The Georgia House of Representatives on Thursday passed a bill that would update the state’s HIV criminalization laws for the first time since the 1980s.
Rep. Deborah Silcox (photo), a Republican from Sandy Springs, sponsored House Bill 719.
“It is my sincere hope that this bill will reduce the number of cases in Georgia and that one day soon we can eliminate HIV in Georgia and in our country,” she said from the well of the House.
The bill “will help save tens of thousands of lives in Georgia,” said Rep. Sam Park, a Democrat from Lawrenceville. Park is one of five openly LGBTQ members of the legislature.
“It is time to end the fear and stigma,” he added.
Current Georgia law makes it a crime for people living with HIV to have sex or donate blood without disclosing their status. It's a felony punishable by up to 10 years in prison. State law also criminalizes spitting at or using bodily fluids on a law enforcement officer by a person living with HIV, an offense that can carry up to 20 years in prison.
The bill would revise state law so it's only illegal to intentionally transmit HIV through sex that has a significant, scientifically-proven risk of transmission. Violators of the law will still be charged with a felony, but the maximum punishment was reduced to five years in prison. The revisions to the law would also decriminalize spitting at and using bodily fluids on a law enforcement officer by a person living with HIV.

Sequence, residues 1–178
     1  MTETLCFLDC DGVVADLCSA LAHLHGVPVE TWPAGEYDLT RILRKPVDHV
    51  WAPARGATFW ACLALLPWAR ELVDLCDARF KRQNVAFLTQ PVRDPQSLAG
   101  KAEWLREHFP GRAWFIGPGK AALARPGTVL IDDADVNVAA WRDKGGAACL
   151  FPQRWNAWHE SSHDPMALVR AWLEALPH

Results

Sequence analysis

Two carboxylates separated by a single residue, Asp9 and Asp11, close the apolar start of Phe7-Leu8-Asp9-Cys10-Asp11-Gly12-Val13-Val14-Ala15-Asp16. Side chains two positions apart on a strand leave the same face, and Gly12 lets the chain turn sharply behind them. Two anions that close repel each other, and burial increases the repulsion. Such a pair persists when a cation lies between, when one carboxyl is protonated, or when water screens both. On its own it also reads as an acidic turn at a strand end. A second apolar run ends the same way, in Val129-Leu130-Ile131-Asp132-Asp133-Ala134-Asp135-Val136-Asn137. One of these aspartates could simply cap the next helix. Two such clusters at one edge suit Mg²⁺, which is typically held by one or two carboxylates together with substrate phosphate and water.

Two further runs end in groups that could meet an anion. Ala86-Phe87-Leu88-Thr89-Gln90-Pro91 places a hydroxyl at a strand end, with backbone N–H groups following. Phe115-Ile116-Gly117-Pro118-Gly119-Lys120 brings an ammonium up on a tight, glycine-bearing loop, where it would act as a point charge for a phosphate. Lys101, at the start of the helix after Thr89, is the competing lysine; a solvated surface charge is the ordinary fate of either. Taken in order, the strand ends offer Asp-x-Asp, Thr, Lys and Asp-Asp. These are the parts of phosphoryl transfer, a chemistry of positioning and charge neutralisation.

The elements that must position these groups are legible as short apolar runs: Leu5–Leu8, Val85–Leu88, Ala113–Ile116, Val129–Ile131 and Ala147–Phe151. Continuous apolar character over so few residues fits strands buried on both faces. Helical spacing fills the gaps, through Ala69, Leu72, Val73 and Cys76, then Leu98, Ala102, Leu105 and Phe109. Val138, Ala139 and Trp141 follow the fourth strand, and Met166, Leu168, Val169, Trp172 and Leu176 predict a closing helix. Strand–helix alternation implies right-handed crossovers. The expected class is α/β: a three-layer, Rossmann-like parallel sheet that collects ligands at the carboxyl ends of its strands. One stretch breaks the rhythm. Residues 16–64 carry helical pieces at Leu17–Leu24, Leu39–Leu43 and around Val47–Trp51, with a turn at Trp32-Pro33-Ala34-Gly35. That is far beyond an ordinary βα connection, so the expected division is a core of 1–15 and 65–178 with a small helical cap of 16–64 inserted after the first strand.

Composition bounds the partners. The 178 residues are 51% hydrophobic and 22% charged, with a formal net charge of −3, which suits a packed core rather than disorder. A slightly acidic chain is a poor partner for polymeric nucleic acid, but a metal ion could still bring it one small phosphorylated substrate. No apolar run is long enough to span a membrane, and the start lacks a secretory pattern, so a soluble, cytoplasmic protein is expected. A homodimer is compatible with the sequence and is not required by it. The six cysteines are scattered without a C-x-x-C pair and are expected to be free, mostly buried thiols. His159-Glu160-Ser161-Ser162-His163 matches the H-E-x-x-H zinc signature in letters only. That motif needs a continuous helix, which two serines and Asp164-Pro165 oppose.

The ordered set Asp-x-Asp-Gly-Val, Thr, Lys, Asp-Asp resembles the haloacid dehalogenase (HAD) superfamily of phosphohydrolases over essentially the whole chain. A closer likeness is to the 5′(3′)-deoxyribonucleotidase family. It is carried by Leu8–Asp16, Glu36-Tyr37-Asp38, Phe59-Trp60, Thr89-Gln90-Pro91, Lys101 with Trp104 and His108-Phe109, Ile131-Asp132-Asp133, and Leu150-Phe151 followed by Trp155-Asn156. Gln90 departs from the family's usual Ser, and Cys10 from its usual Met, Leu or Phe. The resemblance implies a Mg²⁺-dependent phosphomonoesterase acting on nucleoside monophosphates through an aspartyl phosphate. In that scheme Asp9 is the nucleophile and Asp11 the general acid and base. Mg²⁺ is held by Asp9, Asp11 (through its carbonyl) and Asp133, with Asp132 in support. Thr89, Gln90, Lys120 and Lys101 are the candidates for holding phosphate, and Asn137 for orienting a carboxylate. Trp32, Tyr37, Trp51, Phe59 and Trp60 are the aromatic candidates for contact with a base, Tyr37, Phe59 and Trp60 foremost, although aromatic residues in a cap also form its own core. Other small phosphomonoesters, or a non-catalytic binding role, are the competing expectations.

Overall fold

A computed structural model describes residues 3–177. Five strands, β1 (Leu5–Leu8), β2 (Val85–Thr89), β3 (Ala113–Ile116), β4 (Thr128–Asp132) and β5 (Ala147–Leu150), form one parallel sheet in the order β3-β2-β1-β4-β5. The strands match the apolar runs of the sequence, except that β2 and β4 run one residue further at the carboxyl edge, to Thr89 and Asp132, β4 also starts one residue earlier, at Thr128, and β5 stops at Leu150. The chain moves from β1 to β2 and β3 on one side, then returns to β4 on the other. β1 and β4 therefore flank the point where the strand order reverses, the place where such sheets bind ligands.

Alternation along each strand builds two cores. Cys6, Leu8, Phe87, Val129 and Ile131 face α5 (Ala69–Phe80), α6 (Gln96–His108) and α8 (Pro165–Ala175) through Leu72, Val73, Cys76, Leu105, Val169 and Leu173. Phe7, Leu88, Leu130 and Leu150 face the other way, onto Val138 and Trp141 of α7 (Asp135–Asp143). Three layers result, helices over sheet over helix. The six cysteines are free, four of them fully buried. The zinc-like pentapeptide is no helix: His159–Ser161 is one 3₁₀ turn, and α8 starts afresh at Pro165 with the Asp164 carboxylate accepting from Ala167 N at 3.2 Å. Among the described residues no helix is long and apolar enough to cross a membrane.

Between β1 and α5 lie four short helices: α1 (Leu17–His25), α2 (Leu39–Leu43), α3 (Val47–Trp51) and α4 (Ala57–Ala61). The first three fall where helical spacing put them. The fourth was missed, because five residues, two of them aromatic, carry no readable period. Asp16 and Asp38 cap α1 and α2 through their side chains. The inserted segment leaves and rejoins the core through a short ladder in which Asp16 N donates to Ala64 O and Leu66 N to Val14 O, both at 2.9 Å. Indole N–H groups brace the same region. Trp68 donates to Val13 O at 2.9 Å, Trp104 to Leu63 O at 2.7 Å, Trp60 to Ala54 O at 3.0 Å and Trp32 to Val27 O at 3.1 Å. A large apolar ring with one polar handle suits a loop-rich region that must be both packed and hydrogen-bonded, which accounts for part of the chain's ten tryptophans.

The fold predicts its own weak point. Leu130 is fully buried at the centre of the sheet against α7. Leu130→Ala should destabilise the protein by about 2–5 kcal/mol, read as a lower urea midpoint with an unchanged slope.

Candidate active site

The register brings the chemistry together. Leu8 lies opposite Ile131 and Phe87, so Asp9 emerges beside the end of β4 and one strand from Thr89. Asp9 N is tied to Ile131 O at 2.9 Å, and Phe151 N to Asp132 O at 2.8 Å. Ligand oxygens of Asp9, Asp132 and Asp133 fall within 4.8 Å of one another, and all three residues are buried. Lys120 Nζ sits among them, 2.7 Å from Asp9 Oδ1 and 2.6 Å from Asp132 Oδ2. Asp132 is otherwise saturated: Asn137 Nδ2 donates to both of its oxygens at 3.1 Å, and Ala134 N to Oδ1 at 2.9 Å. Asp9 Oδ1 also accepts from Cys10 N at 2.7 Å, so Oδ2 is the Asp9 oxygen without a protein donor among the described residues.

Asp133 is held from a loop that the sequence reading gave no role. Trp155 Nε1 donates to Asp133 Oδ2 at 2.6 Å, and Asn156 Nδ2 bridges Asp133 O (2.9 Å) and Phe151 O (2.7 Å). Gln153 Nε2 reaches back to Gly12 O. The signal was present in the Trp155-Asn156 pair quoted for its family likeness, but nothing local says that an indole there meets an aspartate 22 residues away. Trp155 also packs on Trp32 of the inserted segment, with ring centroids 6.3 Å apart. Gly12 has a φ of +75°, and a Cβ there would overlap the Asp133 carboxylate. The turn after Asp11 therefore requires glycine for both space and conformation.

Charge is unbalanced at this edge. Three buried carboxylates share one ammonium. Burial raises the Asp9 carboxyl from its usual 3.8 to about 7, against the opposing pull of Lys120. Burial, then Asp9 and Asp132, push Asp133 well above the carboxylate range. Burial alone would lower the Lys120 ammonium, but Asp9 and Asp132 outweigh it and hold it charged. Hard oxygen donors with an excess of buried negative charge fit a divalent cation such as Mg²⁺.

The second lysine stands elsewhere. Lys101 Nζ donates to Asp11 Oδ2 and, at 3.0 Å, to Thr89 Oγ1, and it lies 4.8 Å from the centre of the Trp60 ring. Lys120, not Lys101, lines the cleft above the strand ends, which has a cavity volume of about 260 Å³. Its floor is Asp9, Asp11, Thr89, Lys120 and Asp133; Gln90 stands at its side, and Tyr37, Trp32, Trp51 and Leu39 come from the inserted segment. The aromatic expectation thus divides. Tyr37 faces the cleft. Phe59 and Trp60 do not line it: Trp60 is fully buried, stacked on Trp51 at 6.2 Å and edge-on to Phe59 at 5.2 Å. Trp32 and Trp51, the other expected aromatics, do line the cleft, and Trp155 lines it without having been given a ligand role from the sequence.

The version of the bill that a House committee advanced in February downgraded the punishment to a misdemeanor punishable by up to a year in prison. The bill was amended in the House to keep it a felony.
Advocates for the bill hoped for the reduction to a misdemeanor, according to Eric Paulk, deputy executive director of Georgia Equality.
A felony criminal prosecution “has dire consequences for individuals, their loved ones, and their communities due to the collateral consequences of conviction,” Paulk said.
But if the bill becomes law, a prosecutor would have to prove the defendant had “specific intent” to transmit HIV, which Paulk said was “the highest burden that a prosecutor would have to prove in court.”
“The prosecution must prove the defendant intended to transmit HIV and must prove this with evidence at trial,” he said. “Ultimately, the bill goes a long way in protecting people living with HIV.”
The House passed the bill 124 to 40. It now moves to the Senate for consideration. This year’s legislative session is suspended indefinitely after Friday due to coronavirus concerns.
Georgia is one of some three-dozen states that criminalize a lack of HIV disclosure, whether or not the specific act actually exposed the sex partner to HIV. Activists and lawmakers have tried for years to modernize state law by decriminalizing non-disclosure of the disease to sex partners.